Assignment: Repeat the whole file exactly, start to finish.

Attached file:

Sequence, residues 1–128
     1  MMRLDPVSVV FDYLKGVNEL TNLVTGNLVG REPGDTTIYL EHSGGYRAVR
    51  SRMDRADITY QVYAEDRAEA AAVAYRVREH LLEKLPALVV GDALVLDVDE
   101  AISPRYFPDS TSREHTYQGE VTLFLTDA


Sequence, residues 1–128
     1  MMRLDPVSVV FDYLKGVNEL TNLVTGNLVG REPGDTTIYL EHSGGYRAVR
    51  SRMDRADITY QVYAEDRAEA AAVAYRVREH LLEKLPALVV GDALVLDVDE
   101  AISPRYFPDS TSREHTYQGE VTLFLTDA